It is clear, if we start taking inventory, that I have a lot of books. Too many, really, for our down-sized up-size. I already have more books than shelves, and once I started toting up real estate yesterday, I realized that my self-reliant bookcase and the wall-length shelf that Dusty installed in my room do not come close to replacing all the shelving given over to books in the Before Time. So what I didn’t need to do is open another box of books.
I still have a lot of packed boxes from our move, many of which are labeled “books.” I’m sure you will tell me the prudent thing to do, if I boxed these books a full year ago and haven’t needed them since, would be to donate them to the library that currently isn’t open.
Instead, I opened Pandora’s box and found a trove of books written by friends. Of course I need to keep these!
Some of them are written by people, mostly poets, I don’t really know but who passed through Gunnison for one literary event or another. Others are written by people, mostly poets, who return to Gunnison time and again, who have become friends.
Chris Ransick, former poet laureate of Denver, did not become my friend, but he always recognized me, even if he couldn’t come up with my name, when I would approach him after a reading. I am sad that I missed his last visit to the valley, which came a few months before his death by pancreatic cancer last November.
Rosemerry Wahtola Trommer of Telluride likewise has to ask for my name, but she will recognize me even as she sees me in the audience. I like her work so much that Lynn and I asked Rose Gaylen to read one of Rosemerry’s poems at our wedding.
Aaron Abeyta, who needs some day to be the poet laureate of Colorado for his lyric celebrations of deep family roots down in tiny Antonito, hard by the New Mexican border, has become a friend, and so has Art Goodtimes, mushroom farmer, basket weaver and county commissioner from San Miguel County. None of us are as good at staying in touch as we should be, and I don’t always make it to the literary events they attend in my corner of the world, so it’s good to have their books close at hand.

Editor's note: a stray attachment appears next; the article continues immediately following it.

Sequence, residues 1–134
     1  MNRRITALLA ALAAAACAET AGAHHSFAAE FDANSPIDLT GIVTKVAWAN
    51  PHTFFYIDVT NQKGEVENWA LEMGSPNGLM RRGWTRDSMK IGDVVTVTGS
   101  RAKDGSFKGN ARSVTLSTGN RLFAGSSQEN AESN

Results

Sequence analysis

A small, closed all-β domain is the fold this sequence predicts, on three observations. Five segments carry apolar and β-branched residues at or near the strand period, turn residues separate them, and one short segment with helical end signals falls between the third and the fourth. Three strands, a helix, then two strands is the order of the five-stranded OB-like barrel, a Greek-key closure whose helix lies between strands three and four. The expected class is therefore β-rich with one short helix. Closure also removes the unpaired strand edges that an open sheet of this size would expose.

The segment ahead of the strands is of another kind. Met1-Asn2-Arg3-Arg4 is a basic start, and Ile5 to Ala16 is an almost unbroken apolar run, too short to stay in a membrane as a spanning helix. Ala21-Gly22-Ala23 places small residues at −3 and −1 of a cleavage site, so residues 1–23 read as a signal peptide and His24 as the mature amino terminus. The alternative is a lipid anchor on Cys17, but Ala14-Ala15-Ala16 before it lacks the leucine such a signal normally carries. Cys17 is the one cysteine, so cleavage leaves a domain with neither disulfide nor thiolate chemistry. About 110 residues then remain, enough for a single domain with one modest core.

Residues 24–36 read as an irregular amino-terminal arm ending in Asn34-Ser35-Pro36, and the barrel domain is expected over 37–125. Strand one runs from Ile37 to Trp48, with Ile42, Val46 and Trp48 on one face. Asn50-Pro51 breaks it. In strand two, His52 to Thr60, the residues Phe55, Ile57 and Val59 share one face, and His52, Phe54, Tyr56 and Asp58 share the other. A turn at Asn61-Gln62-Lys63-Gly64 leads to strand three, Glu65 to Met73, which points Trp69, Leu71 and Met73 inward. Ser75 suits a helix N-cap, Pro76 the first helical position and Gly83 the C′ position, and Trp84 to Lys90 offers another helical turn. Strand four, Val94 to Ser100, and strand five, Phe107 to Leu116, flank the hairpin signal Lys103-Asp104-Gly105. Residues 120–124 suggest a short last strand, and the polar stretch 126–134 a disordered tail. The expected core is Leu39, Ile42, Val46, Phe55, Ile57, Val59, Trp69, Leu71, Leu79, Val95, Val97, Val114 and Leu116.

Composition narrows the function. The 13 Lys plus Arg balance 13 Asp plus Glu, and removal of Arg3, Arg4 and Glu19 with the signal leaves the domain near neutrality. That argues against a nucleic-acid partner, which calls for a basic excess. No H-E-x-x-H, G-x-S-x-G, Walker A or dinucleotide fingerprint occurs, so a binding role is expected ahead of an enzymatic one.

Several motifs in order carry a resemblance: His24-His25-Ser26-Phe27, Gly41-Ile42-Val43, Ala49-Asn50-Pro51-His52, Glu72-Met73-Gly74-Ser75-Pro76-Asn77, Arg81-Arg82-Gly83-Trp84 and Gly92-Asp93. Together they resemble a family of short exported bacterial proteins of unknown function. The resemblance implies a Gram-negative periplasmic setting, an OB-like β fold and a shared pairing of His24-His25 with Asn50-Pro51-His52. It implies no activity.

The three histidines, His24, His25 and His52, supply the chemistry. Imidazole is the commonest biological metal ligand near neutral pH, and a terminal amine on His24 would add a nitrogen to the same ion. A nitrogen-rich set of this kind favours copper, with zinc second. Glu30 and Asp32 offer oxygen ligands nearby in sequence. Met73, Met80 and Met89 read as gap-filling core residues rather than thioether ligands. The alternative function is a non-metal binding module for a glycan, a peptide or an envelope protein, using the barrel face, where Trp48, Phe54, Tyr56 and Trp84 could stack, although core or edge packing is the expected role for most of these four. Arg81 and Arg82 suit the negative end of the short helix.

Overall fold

Then there are the people I already knew before they became famous authors. Hard as it is to picture, John Nelson was my seventh-grade science teacher before he abandoned the school classroom for the broader teachings of nature as a guide and outfitter. Along the way he became quite the cowboy poet, dispensing advice like never accepting oranges from your guide, who uses that fruit to clean the knife he’s used for everything else. Everything else.
I worked at the newspaper with Sandy Cortner, and then at Pat’s when she ran the Crested Butte Arts Festival. She did this area a huge service when she chronicled the stories of Crested Butte’s old timers.
Mark Todd and I met when I interviewed him about dog sledding. Since then he and wife Kym O’Connell Todd have roped me into all manner of things, including but hardly limited to: teaching at Western Then State, sponsoring the college rodeo club, learning Egyptian hieroglyphs, horseback riding, and reading drafts of their books.
Together they produced their Silverville trilogy, about a fictitious town in Colorado that might possibly resemble Gunnison. It starts with Little Greed Men, where any number of people attempt to cash in on a UFO sighting, and moves on to The Magick Outhouse. Lately they’re focused on more-or-less non-fiction accounts of ghostly locations, and Mark, a winner of several regional awards, also has several poetry books and a science fiction novel to his credit.